Springfield – The Illinois Department on Aging (IDoA) is encouraging all older Illinoisans that getting a flu vaccine during the 2020-2021 flu season is especially important in order to protect yourself and the people around you from the flu. Doing so will also help reduce the strain on healthcare systems, keeping hospital beds and other medical resources available for COVID-19 patients.
According to the Illinois Department of Public Health, the elderly and people with chronic health problems are much more likely to develop serious complications after influenza infection than are young, healthier people. This risk is due in part to changes in immune defenses with increasing age. While flu seasons vary in severity, during most seasons, people 65 years of age and older bear the greatest burden of severe flu disease. In recent years, for example, it’s estimated that between 70% and 85% of seasonal flu-related deaths have occurred in individuals 65 years of age and older, and between 50% and 70% of seasonal flu-related hospitalizations have occurred among people in this age group, according to the Centers for Disease Control and Prevention.
Flu vaccination is especially important for older Illinoisans, individuals with underlying medical conditions, and persons with disabilities because they have an increased risk of developing serious complications from the flu; coupled with being at higher risk for contracting COVID -19. Flu vaccines are updated each season as needed to keep up with changing viruses. Also, immunity wanes over a year so annual vaccination is needed to ensure the best possible protection against flu.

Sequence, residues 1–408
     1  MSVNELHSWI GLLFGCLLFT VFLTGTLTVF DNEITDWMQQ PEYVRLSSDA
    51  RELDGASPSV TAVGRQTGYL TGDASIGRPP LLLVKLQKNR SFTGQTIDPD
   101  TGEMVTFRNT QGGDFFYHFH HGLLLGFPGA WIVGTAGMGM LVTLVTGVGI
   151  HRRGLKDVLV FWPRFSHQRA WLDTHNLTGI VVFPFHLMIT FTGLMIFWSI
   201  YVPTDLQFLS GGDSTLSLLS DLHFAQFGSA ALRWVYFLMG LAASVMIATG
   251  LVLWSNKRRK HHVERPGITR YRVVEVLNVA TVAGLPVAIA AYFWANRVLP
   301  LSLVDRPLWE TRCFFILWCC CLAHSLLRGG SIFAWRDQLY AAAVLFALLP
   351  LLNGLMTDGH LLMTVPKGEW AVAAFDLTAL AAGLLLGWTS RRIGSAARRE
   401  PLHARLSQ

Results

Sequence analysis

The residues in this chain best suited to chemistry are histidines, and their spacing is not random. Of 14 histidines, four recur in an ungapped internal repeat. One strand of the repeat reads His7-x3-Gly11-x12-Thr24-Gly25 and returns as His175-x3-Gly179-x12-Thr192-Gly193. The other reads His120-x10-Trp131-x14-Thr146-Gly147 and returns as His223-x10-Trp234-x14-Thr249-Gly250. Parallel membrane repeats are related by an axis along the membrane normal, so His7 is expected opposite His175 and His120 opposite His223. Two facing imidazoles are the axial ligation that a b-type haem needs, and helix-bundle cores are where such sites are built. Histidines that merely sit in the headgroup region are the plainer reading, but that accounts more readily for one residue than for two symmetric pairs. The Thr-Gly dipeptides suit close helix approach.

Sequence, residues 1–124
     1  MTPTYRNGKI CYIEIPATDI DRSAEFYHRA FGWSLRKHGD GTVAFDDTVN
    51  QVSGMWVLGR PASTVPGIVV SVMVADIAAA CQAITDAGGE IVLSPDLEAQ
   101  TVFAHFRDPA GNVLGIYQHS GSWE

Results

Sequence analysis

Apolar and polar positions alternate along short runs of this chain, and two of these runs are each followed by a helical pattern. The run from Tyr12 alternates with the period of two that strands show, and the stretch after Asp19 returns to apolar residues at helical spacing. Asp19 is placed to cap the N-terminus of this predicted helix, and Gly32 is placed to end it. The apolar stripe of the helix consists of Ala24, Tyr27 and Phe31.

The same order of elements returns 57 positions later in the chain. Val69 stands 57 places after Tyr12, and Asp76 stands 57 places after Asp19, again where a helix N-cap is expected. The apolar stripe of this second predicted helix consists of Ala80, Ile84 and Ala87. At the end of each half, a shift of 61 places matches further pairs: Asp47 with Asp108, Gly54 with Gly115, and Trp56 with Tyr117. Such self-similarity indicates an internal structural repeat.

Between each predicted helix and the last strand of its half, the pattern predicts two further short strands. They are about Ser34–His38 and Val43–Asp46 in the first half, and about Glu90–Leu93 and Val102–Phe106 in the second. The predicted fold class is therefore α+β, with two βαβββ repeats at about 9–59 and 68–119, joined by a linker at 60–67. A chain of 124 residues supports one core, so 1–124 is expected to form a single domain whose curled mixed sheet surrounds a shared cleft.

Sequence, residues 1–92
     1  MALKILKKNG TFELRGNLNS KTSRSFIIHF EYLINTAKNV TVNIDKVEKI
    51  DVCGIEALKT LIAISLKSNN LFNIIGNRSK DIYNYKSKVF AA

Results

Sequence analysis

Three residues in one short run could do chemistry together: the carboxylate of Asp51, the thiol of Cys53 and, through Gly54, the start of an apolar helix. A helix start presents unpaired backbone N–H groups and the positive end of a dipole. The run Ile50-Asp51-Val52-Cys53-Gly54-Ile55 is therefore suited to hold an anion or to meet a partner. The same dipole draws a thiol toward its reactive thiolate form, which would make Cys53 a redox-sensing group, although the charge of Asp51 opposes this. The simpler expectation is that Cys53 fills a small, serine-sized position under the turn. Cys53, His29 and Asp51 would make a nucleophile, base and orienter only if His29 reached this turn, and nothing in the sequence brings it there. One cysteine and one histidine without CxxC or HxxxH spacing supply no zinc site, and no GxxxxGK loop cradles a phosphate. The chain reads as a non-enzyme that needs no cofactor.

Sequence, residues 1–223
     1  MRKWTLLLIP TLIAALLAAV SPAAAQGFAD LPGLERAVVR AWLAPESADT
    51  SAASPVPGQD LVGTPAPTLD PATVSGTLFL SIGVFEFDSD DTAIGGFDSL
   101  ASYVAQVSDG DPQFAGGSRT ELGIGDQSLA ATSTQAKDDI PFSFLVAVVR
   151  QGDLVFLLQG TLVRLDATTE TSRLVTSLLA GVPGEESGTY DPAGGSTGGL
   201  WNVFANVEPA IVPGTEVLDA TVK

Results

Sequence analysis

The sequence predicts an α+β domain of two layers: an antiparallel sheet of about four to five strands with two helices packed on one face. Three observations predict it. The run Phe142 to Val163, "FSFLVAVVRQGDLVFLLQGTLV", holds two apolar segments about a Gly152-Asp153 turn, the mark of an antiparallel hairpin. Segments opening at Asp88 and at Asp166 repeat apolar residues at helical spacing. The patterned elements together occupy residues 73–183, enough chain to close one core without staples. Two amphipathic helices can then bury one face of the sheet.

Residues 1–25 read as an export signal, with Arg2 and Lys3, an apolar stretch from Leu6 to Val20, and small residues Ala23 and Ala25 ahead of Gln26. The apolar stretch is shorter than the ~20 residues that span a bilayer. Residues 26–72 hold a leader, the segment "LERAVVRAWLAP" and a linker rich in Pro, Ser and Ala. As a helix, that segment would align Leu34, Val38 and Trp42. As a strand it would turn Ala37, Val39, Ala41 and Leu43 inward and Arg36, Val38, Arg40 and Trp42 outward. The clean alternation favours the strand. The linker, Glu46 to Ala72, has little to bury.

“According to the experts, getting a flu shot will increase your chances of staying healthy and staying out of the hospital during the COVID-19 pandemic,” said Paula Basta, Director of IDoA. “This is another instance of being able to plan for what you can and focus on things you can control; take precautions now so you don’t regret it later.”
The best way to protect against the flu and its potentially serious complications is with a flu vaccine. Find flu vaccines in your area with Vaccine Finder. Most insurance plans, including Medicare and Medicaid cover one flu shot per flu season. Beneficiaries pay nothing for a flu shot if their doctor or other qualified healthcare provider accepts Medicare payment for giving the shot. Always seek the advice of your healthcare provider before accepting medical treatment.
IDoA, its 13 Area Agencies on Aging, and 55 Care Coordination Units are working to ensure that services provided by the agency are never interrupted. If you or an older family member, friend, or neighbor need assistance, please visit www.illinois.gov/aging or contact the Senior HelpLine at 1-800-252-8966 (hearing impaired call 888-206-1327) or by email email@example.com.